Building my personal Swiss Army Knife services, Part 2

Building my personal Swiss Army Knife services, Part 2


4 min read

I would like to present you the v0.0.1 of my Swiss Army Knife services website!


I decided to call it

Utile because it is a synonym of useful and comes from French! And .space because it sounded adequate.

Also, I made the source code freely available:

As I introduced in my introductory article, I am going to share with you my development journal.

Note that there is already too much to talk about in this version. So I am going to split my journey into many articles.

Start easy with NGINX

I started the journey by getting a new NGINX server conf for my new domain And setup SSL with certbot like described in my article.

server {


   location /ip/ {
        proxy_set_header   X-Real-IP $remote_addr;
        proxy_set_header   Host      $http_host;

    location /pdf/ {
        alias /usr/share/nginx/html/pdf/;
        autoindex on;

    listen 443 ssl; # managed by Certbot
    ssl_certificate /etc/letsencrypt/live/; # managed by Certbot
    ssl_certificate_key /etc/letsencrypt/live/; # managed by Certbot
    include /etc/letsencrypt/options-ssl-nginx.conf; # managed by Certbot
    ssl_dhparam /etc/letsencrypt/ssl-dhparams.pem; # managed by Certbot


You can notice two extras things.

Sharing PDF files

I have lots of free and useful PDF resources that I wanted to reshare. So I declared a location to allow me to share them. Note that to make those files visible publicly, I used the instructions: autoindex on.

See the results at

Get your IP service

I already had my tool to get IP on from the following article.

So I added a reverse proxy to reuse it. I got some issues because I was missing a trailing slash on the reverse proxy and location, I believe. Something I should investigate later to properly understand the problem.

See the results at:

Then to continue easy, the API

I had a sample go project running on Docker in my personal library. So I started from that template.


Here was the Dockerfile:

FROM golang:latest AS build
WORKDIR /go/src

COPY server.go .
RUN CGO_ENABLED=0 go build server.go

FROM scratch AS runtime
COPY --from=build /go/src/server /
EXPOSE 3000/tcp
CMD ["/server"]

I use the latest golang image to compile server.go into a binary. Then I copy that binary into a new image based on scratch. Scratch, which is an empty image basically.

You may have noticed I prepend CGO_ENABLED=0 in front of go build. This is to make sure the binary would be compatible with the scratch image. Otherwise, it would not.

Go code

I started with something easy. I started with the rolling dice feature. My goal was to have an endpoint that could allow me to roll a die of any faces between 2 and 100.

Please find the code below.

package main

import (

func home(w http.ResponseWriter, r *http.Request) {

  // evaluate only if i in [2-100]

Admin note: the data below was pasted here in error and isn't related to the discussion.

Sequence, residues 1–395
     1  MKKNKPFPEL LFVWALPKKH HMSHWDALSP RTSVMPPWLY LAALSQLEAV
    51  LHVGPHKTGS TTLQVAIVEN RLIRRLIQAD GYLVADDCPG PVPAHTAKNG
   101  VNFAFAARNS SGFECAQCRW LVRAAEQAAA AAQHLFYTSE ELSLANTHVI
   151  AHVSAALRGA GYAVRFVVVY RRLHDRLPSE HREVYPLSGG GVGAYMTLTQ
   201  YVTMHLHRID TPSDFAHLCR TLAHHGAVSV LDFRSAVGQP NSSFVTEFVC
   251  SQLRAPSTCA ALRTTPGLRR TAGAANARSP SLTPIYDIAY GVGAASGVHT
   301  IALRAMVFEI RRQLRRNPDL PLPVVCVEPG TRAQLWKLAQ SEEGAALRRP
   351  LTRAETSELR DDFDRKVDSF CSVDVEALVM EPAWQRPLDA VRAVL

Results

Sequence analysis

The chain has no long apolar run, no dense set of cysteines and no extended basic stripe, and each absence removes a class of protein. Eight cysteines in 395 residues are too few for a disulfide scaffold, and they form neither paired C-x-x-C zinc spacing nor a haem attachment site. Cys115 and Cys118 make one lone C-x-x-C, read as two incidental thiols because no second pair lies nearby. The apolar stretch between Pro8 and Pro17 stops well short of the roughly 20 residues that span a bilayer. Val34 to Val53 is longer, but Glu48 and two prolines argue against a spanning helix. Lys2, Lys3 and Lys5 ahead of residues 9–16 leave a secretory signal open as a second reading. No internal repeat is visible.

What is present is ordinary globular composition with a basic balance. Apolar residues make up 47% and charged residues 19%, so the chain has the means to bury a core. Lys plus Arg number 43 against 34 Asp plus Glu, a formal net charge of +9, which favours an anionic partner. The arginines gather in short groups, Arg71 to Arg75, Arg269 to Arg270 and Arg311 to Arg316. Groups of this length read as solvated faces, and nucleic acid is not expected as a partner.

re := regexp.MustCompile("/d(100|1[0-9]|[2-9][0-9]?)")
  match := re.FindStringSubmatch(r.URL.Path)

  if match == nil {
    http.Error(w, "Bad request", http.StatusBadRequest)

  dice, err := strconv.Atoi(match[1])

  if err != nil {
    http.Error(w, "Unknown error", http.http.StatusInternalError)

  fmt.Fprintf(w, strconv.Itoa(rand.Intn(dice)+1))

func main() {
    http.HandleFunc("/", home)
    http.ListenAndServe(":3000", nil)

I went with one endpoint only and would parse the location using a regular expression. For those allergic to regular expression, sorry, that's kind of my kink ^^

Anyway, let me explain it. "/d(100|1[0-9]|[2-9][0-9]?)" means first I am expecting to receive a request that will start with /d. Then in parentheses, I specified 3 different cases, consider the | as a simple "or". Then the request is either /d100, between /d10 to /d19, or finally between /d2 to /d9, and because of the ?, /d20 to /d99. I end up covering any case between /d2 to /d100.

With the regex, I capture the number n of the faces. And I use it with the function rand.Intn to generate a pseudo-random number. I also add 1 to it to make sure the result is between 1 and n.

Plug it with NGINX

With that, I ran a docker container on my server and plugged it into a new location in my NGINX server conf.

   location /api/ {


As I said, I am doing this as a hobby, so it has to give me quick results and not take me too much time to develop. So I started easy ;)

In the next articles, I will describe the following of my journey. I will discuss the beginning of my experience with Dart and the first problems I had on the front-end. I will also go through the deployment scripts I wrote to have a rough automated process to publish my work. Lastly, I will explain how I made the logo, I am not a designer, and I think I came with something not bad. And I want to show you it's not that complicated to do.

Photo by Patrick on Unsplash

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